“…Let us continue Immaculate Mary’s mission. All is included in it. May [we].. follow her example and be the handmaid of the Lord in everything, everywhere and always.”
Thought for the Day – 23 July – Meditations with Antonio Cardinal Bacci (1881-1971)
The Divided Heart
“Even if your heart has not become the property of the devil and retains a horror of mortal sin, it is still possible, that you have not given it completely to God. Your heart is divided. Part of it belongs to God and part of it to the world. You are distracted by your own self-love and earthly desires. A heart which is divided in its affections between God and the world, is dazzled by everything around it and tends to forget God, more and more.
We protest that we belong entirely to God but, in practice, we are so absorbed by work, ambition and pleasure, that we neglect God.
A man who is torn between love of God and love of the world is like Cain who, unlike Abel, did not offer God, the best part of his flock but kept this for himself and offered God whatever he had rejected. God was pleased with Abel’s sacrifice but had no regard for that of Cain, who finally became a murderer and was cursed by his Creator.
Do we offer God the leavings of life while we keep the best part of it for our selves? Do we think of ourselves nearly all the time and give very little thought to God? This is not the way in which God has dealt with us. Not only has He created us but, He loves us with an everlasting love. He came down to earth and lived as our fellow man. He redeemed us by His Precious Blood and gave Himself to us as our food!
Why are we not willing to give ourselves to Him forever in return? Gratitude demands that we should do so. God, moeover, is our supreme and only good.
Our Morning Offering – 19 July – “Month of the Most Precious Blood”
Prayer for Five Graces By St Alphonsus Liguori (1696-1787) Most Zealous Doctor
Eternal Father, Your Son has promised that You would grant, all the graces we ask of You in His name. Trusting in this promise and in the name of and through the merits of Jesus Christ, I ask of You five special graces: First, I ask pardon for all the offenses I have committed, for which I am sorry with all my heart because I have offended Your infinite goodness. Second, I ask for Your divine Light, which will enable me to see the vanity of all things of this earth and see also, Your infinite greatness and goodness. Third, I ask for a share in Your love, so that I may detach myself from all creatures, especially from myself and love only Your holy will. Fourth, grant me the grace to have confidence in the merits of Jesus Christ and in the intercession of Mary. Fifth, I ask for the grace of perseverance, knowing that, whenever I call on You for assistance, You will answer my call and come to my aid. I fear only, that I will neglect to turn to You in time of need and thus bring myself to ruin. Grant me the grace to pray always, O Eternal Father, in the name of Our Lord Jesus. Amen.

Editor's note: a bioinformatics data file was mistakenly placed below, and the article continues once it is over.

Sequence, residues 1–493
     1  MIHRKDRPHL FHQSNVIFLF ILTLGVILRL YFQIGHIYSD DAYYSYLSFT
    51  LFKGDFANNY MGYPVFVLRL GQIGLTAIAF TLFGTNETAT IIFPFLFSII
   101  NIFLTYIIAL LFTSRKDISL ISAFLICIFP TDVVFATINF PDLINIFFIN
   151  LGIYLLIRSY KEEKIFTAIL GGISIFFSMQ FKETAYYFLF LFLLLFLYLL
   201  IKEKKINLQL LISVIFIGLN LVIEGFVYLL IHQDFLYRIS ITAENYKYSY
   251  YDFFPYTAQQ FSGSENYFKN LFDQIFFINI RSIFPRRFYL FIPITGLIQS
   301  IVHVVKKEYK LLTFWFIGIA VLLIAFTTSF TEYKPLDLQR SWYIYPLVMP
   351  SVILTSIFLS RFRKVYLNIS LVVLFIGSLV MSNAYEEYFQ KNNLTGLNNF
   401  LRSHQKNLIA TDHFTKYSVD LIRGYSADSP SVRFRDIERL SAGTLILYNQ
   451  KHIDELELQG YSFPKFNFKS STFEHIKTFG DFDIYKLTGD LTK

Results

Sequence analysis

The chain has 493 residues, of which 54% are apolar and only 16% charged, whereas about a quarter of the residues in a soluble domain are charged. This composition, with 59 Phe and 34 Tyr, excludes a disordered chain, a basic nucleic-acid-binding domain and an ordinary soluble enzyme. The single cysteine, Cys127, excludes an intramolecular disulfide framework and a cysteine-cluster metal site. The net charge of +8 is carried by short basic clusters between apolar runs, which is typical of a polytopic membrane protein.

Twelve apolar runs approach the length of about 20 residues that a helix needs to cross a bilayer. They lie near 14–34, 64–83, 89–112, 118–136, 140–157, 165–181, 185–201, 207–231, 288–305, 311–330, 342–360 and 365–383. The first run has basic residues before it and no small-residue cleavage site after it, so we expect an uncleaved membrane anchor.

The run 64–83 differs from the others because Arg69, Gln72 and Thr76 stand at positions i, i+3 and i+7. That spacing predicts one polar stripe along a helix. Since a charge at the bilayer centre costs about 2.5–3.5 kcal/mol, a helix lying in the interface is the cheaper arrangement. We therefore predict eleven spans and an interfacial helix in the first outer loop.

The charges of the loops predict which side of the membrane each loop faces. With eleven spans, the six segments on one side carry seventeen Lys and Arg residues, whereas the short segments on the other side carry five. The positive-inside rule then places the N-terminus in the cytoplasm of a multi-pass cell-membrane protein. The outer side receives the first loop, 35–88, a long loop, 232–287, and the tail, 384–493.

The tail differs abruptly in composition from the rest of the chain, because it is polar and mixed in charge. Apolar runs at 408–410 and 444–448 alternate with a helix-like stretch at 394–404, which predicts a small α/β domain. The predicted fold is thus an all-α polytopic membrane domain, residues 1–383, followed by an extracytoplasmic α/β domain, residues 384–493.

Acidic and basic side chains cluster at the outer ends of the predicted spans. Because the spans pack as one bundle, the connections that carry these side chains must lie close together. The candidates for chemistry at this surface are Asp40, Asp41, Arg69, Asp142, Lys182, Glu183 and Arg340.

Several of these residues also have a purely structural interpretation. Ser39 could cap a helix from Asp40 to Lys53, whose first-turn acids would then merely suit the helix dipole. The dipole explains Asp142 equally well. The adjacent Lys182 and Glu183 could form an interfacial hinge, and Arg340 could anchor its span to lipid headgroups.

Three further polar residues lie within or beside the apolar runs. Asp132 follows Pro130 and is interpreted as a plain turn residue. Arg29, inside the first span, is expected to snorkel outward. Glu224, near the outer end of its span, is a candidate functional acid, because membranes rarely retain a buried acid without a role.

Our Morning Offering – 18 July – “Month of the Most Precious Blood”
Soul of Christ, sanctify me Body of Christ, save me Blood of Christ, inebriate me Water from the side of Christ, wash me Passion of Christ, strengthen me Good Jesus, hear me Within Your wounds, shelter me from turning away, keep me From the evil one, protect me At the hour of my death, call me Into Your presence lead me to praise You with all Your saints Forever and ever, Amen
For many years the Anima Christi was popularly believed to have been composed by Saint Ignatius Loyola (1491-1556) , as he puts it at the beginning of his Spiritual Exercises and often refers to it. In the first edition of the Spiritual Exercises Ignatius merely mentions it, evidently supposing that the reader would know it. In later editions, it was printed in full. It was by assuming that everything in the book was written by Ignatius that it came to be looked upon as his composition. On this account the prayer is sometimes referred to as the Aspirations of St. Ignatius Loyola and so my image shows St Ignatius at prayer.
However, the prayer actually dates to the early fourteenth century and was possibly written by Pope John XXII but its authorship remains uncertain. It has been found in a number of prayer books printed during the youth of Ignatius and is in manuscripts which were written a hundred years before his birth. The English hymnologist James Mearns found it in a manuscript of the British Museum which dates to about 1370. In the library of Avignon there is preserved a prayer book of Cardinal Pierre de Luxembourg (died 1387), which contains the prayer in practically the same form as we have it today. It has also been found inscribed on one of the gates of the Alcázar of Seville, which dates back to the time of Pedro the Cruel (1350–1369).
The invocations in the prayer have rich associations with Catholic concepts that relate to the Eucharist (Body and Blood of Christ), Baptism (water) and the Passion of Jesus (Precious Blood and Holy Wounds).